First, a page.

NASA is working with US industry and academia to develop Photonic Integrated Circuits (PICs) for: (1) Sensors (2) Analog RF applications (3) Computing and free space communications. The PICs provide reduced size, weight, and power that is critical for space-based systems. We describe recent breakthrough 3D monolithic integration of photonic structures, particularly high-speed graphene-silicon devices on CMOS electronics to create CMOS-compatible highbandwidth transceivers for ultra-low power Terabit-scale optical communications. An integrated graphene electro-optic modulator has been demonstrated with a bandwidth of 30 GHz. Graphene microring modulators are especially attractive for dense wavelength division multiplexed (DWDM) systems. For space-based optical communication and ranging we have demonstrated generating a variable number of channels from a single laser using breadboard components, using a single-sideband carrier-suppressed (SSBCS) modulator driven by an externally-supplied RF tone (arbitrary RF frequency), a tunable optical bandpass filter, and an optical amplifier which are placed in a loop. We developed a Return--to-Zero (RZ) Differential Phase Shift Keying (DPSK) laser transmitter PIC using an InP technology platform that includes a tunable laser, a Semiconductor Optical Amplifier (SOA), high-speed Mach-Zehnder Modulator (MZM), and an electroabsorption (EAM) modulator. A Silicon Nitride (SiN) platform integrated photonic circuit suitable for a spectrally pure chip-scale tunable opto-electronic RF oscillator (OEO) that can operate as a flywheel in high precision optical clock modules, as well as radio astronomy, spectroscopy, and local oscillator in radar and communications systems is needed. We have demonstrated a low noise optical frequency combs generation from a small OEO prototypes containing very low loss (~1 dB) waveguide couplers of various shapes and sizes integrated with an ultrahigh-Q MgF2 resonators. An innovative miniaturized lab-on-a-chip device is being developed to directly monitor astronaut health during missions using ~3 drops of body fluid sample like blood, urine, and potentially other body fluids like saliva, sweat or tears. The first-generation system comprises a miniaturized biosensor based on PICs (including Vertical Cavity Surface Emitting Laser – VCSEL, photodetector and optical filters and biochemical assay that generates a fluorescent optical signal change in response to the target analyte.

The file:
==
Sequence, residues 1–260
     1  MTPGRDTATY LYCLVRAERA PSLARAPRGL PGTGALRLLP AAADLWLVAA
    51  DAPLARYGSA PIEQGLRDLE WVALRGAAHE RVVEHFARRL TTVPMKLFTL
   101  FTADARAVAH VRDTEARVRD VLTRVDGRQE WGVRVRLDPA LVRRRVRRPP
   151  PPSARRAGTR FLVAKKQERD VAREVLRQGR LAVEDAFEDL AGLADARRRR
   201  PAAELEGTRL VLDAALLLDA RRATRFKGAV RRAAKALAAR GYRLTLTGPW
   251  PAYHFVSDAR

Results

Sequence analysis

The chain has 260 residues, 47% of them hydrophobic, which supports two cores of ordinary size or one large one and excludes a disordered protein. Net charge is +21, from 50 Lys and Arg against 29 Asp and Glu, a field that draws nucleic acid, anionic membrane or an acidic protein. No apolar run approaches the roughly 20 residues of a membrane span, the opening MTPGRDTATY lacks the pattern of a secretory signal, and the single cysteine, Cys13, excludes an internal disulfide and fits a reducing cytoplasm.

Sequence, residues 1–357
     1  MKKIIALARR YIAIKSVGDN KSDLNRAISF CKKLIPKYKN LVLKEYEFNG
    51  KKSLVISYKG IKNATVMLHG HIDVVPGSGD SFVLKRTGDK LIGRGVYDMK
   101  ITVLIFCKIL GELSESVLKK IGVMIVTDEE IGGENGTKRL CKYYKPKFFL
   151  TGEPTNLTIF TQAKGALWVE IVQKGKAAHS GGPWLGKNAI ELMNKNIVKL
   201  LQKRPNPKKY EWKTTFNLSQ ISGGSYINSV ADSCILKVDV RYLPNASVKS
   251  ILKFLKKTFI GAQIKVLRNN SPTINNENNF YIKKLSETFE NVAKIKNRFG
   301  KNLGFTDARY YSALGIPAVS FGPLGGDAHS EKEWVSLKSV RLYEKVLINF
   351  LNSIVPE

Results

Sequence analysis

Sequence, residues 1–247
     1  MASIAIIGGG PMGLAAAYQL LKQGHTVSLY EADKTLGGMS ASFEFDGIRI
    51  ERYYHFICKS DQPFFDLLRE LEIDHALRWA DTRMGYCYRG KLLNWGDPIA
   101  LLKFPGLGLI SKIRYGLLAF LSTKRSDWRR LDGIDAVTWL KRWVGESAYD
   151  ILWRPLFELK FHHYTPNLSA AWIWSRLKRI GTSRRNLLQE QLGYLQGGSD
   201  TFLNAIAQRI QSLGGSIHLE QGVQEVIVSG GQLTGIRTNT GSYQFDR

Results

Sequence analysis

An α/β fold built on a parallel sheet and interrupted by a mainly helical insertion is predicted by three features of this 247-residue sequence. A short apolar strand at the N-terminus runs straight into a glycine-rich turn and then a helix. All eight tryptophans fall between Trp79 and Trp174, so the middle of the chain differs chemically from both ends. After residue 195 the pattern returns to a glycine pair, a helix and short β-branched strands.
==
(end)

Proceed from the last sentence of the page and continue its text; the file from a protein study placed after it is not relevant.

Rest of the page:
This work demonstrates the operation of a photonic integrated circuit transmitter for space optical communication utilizing an RZ-DPSK modulation format realized on an indium phosphide monolithic integration platform. It includes a widely tunable sampled grating distributed Bragg reflector laser, a semiconductor optical amplifier for amplification and burst mode operation, a dual drive Mach-Zehnder modulator (MZM) that efficiently encodes phase information, and an electro-absorption modulator RZ pulse carver.
The laser tuning range is approximately 35 nm across the telecommunications C-band. The MZM DC extinction ratio exceeds 15 dB for a differential drive voltage of 6 V peak-to-peak. Clear eye diagrams were demonstrated at 3 Gbps for OOK modulation and 1 Gbps for RZ-DPSK modulation.
We propose and simulate integrated optical devices for accelerating numerical linear algebra (NLA) calculations. Data is modulated on chirped optical pulses and these propagate through a multimode waveguide where speckle provides the random projections needed for NLA dimensionality reduction.